What’s the Difference Between a Colorimeter and a Spectrophotometer?
Choosing the right solution
Want to Get Color Right?
Get on the Right Color Management Wavelength with Monthly Insights from 10,000+ Color Professionals Around the World.
Colorimeters and spectrophotometers are the two types of color measurement instruments that are used to capture, analyze, and communicate color. In just about any industry where color accuracy is important, you’ll find that color measurement is an essential part of the production process. The difference between a colorimeter and spectrophotometer is often a point of confusion for many color scientists. As you expand your color management expertise, we’re here to help you answer: What’s the difference between the two instruments? Is one better than the other? Which one’s for you?
Understanding the factors that distinguish a colorimeter from a spectrophotometer can help you determine which tool best optimizes your color management workflow.
A colorimeter is a tristimulus color measurement tool that provides an objective evaluation of color characteristics based on light passing through the primary filters of red, green, and blue. It simulates how the human eye perceives color.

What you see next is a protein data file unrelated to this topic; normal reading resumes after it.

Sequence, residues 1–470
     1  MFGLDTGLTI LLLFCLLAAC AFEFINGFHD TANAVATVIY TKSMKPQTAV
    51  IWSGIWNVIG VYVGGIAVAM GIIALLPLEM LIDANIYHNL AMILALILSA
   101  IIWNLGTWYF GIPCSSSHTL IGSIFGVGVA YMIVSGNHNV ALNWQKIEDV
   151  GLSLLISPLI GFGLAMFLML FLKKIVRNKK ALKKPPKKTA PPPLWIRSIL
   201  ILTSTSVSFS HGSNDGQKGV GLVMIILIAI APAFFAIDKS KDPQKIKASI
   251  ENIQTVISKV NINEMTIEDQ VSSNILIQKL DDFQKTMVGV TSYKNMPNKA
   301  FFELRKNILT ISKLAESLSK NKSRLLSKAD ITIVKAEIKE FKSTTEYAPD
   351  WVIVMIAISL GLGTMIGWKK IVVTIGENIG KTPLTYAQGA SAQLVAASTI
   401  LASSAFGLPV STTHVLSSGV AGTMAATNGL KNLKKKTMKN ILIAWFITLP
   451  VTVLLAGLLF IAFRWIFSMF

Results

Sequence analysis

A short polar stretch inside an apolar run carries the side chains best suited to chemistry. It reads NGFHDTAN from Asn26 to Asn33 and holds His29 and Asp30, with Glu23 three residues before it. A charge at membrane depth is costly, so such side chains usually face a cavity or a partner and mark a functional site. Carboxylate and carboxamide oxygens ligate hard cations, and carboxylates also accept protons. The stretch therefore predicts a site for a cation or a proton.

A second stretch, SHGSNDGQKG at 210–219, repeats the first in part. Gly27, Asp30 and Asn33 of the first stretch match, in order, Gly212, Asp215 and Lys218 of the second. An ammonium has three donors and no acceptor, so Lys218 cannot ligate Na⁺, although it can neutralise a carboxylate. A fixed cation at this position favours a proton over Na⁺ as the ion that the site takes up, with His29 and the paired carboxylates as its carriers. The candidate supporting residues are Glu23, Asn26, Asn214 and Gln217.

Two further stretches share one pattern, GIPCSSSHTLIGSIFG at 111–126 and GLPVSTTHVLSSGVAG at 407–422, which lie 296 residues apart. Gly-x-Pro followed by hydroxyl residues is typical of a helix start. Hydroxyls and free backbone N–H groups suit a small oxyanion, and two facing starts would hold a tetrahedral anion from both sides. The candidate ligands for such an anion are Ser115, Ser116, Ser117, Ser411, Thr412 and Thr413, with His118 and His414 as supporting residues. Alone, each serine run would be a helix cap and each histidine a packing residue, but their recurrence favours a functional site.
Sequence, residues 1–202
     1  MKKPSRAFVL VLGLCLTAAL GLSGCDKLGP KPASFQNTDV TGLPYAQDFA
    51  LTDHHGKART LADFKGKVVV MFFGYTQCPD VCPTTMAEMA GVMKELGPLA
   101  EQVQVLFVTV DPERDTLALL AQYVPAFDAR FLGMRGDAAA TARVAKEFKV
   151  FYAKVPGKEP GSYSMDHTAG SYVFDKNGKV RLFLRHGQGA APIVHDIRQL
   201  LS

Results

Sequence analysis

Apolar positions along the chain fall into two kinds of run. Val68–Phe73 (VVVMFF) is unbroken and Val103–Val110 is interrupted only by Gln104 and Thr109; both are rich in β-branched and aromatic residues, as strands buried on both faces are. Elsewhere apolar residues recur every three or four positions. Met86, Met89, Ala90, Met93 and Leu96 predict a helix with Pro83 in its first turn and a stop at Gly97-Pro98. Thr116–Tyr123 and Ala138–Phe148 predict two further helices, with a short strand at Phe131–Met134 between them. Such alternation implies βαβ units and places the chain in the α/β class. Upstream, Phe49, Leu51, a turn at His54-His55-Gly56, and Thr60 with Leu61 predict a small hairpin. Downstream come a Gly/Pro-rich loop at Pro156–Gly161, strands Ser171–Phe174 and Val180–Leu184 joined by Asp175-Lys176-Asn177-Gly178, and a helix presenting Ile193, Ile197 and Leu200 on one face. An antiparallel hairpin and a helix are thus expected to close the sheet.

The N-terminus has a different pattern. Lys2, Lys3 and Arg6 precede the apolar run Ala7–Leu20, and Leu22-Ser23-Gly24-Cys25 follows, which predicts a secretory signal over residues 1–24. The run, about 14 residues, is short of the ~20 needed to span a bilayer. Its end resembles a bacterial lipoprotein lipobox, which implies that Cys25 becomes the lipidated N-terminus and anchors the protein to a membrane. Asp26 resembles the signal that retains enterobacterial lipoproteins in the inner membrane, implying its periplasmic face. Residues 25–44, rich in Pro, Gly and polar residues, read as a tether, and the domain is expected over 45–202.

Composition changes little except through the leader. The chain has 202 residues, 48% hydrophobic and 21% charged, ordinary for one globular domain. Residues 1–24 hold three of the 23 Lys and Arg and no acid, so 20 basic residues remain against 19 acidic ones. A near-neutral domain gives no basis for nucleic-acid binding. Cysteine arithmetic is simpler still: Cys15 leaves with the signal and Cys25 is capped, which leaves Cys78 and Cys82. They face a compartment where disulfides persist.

Compact size and high mobility
Low-cost option for simple applications
How it works
The sample is illuminated at a 45° angle by an internal light source.
Light passes through the tristimulus filters, representing the amount of red, green, and blue light reflected from the sample.
Measurements from the filter are quantified into RGB values, which simulate the way human eyes are sensitive to light.
Straightforward color identification
Comparison of similar colors and shades
Measurement of color strength
Measurement of color fastness
Color quality control
Source of reference for determining color standards
Assessment of non-metameric color batches
A spectrophotometer is a more complex color measuring instrument that factors in light intensity as a function of the color. It performs full-spectrum color measurement, as opposed to a colorimeter’s tristimulus procedure, and generates color data that’s beyond observation by the human eye.
Colorimeter or Spectrophotometer? Choosing the right one for you:
Deciding the right color measurement device for you depends on your desired application, price range, and instrument complexity. While a colorimeter may be more economical, it only measures the absorbance of specific colors and cannot identify metamerism. It may be ideal for those seeking basic color measurement or control without complex color analysis.
In contrast, a spectrophotometer may offer much more precision and advanced features, but it tends to be a more expensive option. For color management professionals seeking highly accurate color data, digital color communication, and tight color consistency throughout production, this may be the more useful instrument. Be sure to take your industry into consideration when deciding which instrument best supports your color workflow.